GI Update with Prof Jennie Brand-Miller

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Prof Jennie Brand-Miller answers your questions. 


What’s wrong with a low carb diet? 
Recent studies show that low carb diets can produce faster rates of weight loss than conventional low fat diets. The probable mechanism is lower day-long insulin levels – allowing greater use of fat as the source of fuel – the same mechanism underlying the success of low GI diets.

Low carb diets are relatively safe and effective for weight loss in the short term, but there are potential risks in the long term (longer than six months). One major concern is the potential for high saturated fat intake and the repercussions from that intake. Even a single meal high in saturated fat can have an adverse effect on blood vessels by inhibiting vasodilation, the normal increase in the diameter of blood vessels that occurs after a meal. A short-term and long-term effect of a low carb diet includes an increase in LDL cholesterol. Compounding this, there may be a low intake of miconutrients that are protective against disease. For this reason, a vitamin and mineral supplement is an essential accompaniment to a low carb diet. Low carb diets are often high in protein (although not all high-protein diets are low in carbohydrate). In people with diabetes, higher long-term protein loads (over six months) may accelerate decline in kidney function and increase calcium loss in urine, potentially increasing the risk of osteoporosis and kidney stones.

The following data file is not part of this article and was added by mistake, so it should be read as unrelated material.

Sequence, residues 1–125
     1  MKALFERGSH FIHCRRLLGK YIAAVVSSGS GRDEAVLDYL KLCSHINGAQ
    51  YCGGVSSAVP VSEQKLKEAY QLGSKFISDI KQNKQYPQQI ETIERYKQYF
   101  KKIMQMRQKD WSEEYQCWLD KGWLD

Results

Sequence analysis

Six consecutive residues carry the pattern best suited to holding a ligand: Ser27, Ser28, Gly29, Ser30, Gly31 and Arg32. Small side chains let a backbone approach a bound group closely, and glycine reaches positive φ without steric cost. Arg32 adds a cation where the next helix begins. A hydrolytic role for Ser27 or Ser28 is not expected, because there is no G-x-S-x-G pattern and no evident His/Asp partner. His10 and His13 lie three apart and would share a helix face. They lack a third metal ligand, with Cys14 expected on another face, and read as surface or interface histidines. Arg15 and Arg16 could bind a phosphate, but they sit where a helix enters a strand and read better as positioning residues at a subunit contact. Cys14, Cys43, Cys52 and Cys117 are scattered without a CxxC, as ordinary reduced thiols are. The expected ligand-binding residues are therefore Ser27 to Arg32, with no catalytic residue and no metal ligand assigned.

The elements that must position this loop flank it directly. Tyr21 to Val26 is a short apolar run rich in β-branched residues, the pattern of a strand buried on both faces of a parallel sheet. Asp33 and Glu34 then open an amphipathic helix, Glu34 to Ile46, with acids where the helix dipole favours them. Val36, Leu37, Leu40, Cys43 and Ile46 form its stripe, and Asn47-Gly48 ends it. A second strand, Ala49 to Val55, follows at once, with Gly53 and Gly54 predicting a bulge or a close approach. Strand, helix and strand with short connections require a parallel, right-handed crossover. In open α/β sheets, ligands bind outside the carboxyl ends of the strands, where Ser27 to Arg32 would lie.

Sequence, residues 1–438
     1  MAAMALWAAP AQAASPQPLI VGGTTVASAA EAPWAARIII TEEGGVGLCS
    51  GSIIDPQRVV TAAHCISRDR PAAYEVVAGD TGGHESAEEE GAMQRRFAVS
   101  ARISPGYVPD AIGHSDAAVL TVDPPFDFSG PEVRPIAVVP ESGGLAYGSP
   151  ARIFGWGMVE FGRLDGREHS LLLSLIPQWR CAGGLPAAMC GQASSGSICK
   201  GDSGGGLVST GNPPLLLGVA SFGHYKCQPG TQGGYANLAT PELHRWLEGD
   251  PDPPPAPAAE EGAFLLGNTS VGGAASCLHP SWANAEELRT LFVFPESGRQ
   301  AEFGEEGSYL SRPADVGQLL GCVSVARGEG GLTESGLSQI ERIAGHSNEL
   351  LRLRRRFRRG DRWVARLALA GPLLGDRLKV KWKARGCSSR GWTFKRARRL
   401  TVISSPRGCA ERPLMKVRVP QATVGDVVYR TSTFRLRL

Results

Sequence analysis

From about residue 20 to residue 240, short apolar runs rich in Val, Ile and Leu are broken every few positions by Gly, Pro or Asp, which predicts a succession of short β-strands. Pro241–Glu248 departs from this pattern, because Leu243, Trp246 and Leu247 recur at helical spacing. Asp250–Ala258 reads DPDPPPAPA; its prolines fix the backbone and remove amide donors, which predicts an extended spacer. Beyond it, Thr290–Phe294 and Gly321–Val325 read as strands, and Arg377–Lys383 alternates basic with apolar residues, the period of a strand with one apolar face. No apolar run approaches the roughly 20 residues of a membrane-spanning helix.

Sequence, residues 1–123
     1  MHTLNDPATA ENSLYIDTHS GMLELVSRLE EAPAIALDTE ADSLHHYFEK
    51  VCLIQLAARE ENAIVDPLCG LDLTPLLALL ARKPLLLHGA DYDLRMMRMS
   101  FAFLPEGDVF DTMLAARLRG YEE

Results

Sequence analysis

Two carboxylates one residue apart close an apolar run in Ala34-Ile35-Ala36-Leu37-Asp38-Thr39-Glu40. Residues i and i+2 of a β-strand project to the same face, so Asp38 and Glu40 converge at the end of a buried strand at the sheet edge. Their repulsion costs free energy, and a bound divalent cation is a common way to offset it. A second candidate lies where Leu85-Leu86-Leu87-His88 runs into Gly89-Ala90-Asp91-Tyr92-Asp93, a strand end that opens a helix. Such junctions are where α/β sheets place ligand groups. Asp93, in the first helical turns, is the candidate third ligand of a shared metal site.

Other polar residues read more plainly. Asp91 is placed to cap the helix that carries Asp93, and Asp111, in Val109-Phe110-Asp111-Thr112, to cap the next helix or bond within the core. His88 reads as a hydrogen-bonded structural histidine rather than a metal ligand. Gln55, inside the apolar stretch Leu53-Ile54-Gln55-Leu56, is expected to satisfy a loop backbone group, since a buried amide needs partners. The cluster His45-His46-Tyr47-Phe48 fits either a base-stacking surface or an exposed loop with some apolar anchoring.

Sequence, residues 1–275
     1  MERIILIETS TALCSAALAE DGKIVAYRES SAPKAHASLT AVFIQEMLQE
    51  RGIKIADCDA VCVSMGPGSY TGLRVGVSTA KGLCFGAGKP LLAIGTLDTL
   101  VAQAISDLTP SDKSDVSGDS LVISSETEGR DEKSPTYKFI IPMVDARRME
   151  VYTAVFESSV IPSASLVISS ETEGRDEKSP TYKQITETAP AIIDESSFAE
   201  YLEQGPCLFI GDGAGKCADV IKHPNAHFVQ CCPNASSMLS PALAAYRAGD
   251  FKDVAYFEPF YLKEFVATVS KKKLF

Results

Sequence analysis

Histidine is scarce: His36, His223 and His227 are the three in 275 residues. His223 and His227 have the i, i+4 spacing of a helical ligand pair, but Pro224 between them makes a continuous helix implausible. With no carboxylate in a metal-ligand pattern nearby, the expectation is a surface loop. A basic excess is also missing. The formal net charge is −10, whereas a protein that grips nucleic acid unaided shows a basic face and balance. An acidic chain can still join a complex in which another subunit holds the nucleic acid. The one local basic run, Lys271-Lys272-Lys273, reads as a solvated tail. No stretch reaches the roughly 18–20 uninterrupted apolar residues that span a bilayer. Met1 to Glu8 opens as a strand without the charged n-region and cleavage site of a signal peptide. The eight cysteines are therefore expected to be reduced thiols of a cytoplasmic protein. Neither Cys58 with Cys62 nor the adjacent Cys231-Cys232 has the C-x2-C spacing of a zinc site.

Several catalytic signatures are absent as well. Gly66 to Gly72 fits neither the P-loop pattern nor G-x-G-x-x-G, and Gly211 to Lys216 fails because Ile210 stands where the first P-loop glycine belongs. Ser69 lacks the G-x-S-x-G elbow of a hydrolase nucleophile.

We believe that low carb diets are unnecessarily restrictive (bread, potato, rice, grains and most fruits are restricted) and may spell trouble in the long term if saturated fat takes the place of carbohydrate. Low GI diets strike a happy medium between low fat and low carb diets – you can have your carbs, but must choose them carefully. 

GI testing by an accredited laboratory
North America

Dr Alexandra Jenkins
Glycemic Index Laboratories
20 Victoria Street, Suite 300
Toronto, Ontario M5C 298 Canada
Phone +1 416 861 0506

Fiona Atkinson
Research Manager, Sydney University Glycemic Index Research Service (SUGiRS)
Human Nutrition Unit, School of Molecular and Microbial Biosciences
Sydney University
NSW 2006 Australia
Phone + 61 2 9351 6018
Fax: + 61 2 9351 6022